Driving growth in such a volatile environment is somewhat forcing many brands to be more agile and accelerate their move to cloud technologies, to reinforce their e-commerce applications and deliver safe, and consistent consumer experiences. As such, the movement towards omnichannel consumer engagement was significant in 2020. The surge in online shopping, combined with the demand for swift delivery, meant supply chains were also optimised rapidly. The automation of orders, inventory checks, tracking, and delivery, while maintaining great customer service and experiences, was critical. Those that failed to adopt mobile first technologies and scale up their e-commerce strategies, were inevitably very badly hit.

This technological revolution, largely due to the explosion of e-commerce growth in 2020, can offer many opportunities for brands beyond 2021 if they expand their business models and invest heavily in online platforms. But brand loyalty is not to be overlooked, as with so many options now available online, personalisation and well thought out communication plans, will be really important for maintaining a solid consumer base. Innovation at all levels of the retail model will be required in 2021, and an exciting e-commerce evolution while inevitably be seen in the coming months, as fashion brands emerge from 2020 with more sophisticated shopping options for consumers that ever before.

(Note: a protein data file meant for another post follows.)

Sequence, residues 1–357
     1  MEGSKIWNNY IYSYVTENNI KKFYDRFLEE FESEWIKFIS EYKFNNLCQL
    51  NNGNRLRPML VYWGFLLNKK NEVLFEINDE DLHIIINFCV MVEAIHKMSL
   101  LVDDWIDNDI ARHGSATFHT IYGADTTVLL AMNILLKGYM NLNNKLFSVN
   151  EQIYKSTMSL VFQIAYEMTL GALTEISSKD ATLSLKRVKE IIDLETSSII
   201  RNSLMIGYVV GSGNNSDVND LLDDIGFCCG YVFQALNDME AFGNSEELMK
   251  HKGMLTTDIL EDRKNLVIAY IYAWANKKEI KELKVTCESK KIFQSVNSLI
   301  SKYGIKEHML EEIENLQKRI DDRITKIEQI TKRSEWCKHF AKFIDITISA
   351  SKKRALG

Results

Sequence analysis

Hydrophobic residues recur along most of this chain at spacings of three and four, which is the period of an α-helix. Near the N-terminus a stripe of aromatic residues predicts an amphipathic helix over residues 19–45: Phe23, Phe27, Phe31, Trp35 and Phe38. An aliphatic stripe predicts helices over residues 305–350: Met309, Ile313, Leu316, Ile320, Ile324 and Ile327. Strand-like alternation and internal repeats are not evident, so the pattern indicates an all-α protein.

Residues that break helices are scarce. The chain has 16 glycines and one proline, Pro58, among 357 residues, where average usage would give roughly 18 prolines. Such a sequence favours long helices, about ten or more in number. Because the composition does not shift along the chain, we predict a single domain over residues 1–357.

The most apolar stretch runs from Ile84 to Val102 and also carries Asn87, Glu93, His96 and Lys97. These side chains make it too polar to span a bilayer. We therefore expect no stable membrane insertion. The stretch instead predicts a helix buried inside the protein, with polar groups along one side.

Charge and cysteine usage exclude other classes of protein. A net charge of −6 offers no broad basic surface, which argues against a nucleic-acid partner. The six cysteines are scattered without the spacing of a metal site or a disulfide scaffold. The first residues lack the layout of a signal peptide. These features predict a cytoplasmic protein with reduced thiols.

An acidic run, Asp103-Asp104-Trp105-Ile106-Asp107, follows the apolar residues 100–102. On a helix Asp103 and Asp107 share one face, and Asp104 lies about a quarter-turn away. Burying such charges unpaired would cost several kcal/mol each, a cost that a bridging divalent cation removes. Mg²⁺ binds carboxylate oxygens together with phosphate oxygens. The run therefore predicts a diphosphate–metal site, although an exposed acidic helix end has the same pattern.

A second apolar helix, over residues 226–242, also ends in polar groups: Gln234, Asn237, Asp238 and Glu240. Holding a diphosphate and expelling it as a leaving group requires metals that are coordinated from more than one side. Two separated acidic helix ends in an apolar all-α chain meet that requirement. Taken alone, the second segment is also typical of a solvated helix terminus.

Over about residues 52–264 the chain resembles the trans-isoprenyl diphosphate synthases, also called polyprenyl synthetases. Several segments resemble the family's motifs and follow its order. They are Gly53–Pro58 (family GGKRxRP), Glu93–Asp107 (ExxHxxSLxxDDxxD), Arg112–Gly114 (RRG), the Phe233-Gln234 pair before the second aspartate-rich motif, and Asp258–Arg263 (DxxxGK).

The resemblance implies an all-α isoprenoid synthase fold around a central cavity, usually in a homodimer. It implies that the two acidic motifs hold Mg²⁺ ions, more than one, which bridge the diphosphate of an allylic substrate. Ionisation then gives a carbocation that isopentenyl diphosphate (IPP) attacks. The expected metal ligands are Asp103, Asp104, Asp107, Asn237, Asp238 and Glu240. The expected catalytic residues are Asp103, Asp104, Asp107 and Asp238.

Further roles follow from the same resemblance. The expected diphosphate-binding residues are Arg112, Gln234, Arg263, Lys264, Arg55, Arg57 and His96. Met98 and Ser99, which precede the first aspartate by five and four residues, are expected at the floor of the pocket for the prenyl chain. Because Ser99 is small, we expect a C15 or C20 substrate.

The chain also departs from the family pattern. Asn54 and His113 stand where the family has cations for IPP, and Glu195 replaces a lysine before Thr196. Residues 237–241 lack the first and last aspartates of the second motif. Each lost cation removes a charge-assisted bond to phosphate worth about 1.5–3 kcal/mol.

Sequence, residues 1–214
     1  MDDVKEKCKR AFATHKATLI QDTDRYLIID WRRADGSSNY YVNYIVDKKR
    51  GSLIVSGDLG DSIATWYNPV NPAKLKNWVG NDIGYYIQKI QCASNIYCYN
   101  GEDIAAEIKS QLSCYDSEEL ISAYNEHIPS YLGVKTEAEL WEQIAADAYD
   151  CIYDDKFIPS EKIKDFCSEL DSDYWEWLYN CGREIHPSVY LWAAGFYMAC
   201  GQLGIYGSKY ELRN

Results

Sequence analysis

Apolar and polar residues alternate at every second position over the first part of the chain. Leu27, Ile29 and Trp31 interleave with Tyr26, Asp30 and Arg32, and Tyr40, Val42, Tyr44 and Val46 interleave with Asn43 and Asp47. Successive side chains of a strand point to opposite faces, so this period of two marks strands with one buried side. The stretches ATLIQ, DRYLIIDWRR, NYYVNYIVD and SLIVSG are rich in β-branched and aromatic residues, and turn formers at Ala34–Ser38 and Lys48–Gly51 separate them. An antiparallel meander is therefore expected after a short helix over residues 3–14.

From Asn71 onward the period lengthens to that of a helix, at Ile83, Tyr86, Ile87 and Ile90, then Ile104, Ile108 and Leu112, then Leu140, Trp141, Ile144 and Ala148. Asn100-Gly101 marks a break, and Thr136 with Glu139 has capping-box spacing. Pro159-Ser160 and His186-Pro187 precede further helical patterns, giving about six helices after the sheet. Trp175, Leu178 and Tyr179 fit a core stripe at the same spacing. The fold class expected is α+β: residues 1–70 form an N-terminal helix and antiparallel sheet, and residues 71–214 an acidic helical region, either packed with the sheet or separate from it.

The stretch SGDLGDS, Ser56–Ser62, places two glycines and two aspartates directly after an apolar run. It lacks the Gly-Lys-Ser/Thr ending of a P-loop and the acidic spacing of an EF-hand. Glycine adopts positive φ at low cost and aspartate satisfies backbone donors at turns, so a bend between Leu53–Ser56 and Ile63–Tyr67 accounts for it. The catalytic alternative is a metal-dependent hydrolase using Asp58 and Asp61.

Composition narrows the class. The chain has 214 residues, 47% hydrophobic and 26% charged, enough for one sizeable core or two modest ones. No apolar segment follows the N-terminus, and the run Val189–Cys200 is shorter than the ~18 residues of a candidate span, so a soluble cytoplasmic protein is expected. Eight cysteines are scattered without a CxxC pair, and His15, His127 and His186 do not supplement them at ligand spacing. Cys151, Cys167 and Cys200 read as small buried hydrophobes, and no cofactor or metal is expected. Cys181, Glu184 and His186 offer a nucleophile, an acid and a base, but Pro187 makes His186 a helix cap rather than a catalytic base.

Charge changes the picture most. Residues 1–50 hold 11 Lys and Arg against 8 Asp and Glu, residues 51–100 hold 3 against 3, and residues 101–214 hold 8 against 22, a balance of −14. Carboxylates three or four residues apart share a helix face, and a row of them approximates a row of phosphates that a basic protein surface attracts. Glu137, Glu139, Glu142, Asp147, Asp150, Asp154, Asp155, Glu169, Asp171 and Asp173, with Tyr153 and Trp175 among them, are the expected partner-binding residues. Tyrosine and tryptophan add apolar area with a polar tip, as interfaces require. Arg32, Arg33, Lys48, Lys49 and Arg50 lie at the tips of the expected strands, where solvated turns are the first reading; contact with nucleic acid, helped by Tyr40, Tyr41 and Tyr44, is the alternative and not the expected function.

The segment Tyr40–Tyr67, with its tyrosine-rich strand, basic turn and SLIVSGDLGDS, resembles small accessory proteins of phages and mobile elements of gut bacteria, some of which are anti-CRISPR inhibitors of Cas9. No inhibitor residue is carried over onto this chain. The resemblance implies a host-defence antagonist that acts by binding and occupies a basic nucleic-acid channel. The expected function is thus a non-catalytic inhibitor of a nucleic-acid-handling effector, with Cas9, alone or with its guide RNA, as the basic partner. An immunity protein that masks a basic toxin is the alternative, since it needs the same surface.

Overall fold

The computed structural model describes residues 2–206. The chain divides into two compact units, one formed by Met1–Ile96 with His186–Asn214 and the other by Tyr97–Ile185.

Trends also predict an increased need for buy now, pay later technology, especially now given the economic downturn. Paying in installments offers a much more manageable way for consumers to purchase, particularly for early adopters within the luxury industry, opening up the sector to almost everyone. Younger consumers are avoiding credit cards, preferring instead to opt in to installment methods of payment, thus expanding the audience of those brands who introduce services such as Klarna.

In Europe, consumers have spent less money on clothes this year in general, but when they have, they have prioritised quality, and displayed a marked shift towards classic items and casual wear, shunning what now seems unnecessary party wear and formal clothing. The fashion sector in 2021 will face and conquer new frontiers and as always it will be dynamic, adapting to what consumers need. Most major retail brands have already delivered on this very quickly, offering more comfortable fabrics, casual ‘work from home outfits, mix and match lounge wear separates and luxury tracksuits in their recent collections.

The road to recovery in the next year will be uncertain for a lot of fashion and luxury brands. What is clear though, is that recovery will be largely driven by online sales. Offline sales will inevitably recover in the longer term, but it is expected that retail will only start to bounce back once a vaccine is widely available. What happens in the meantime is anyone’s guess.



© All rights reserved. Fashn Magazine

Back to Top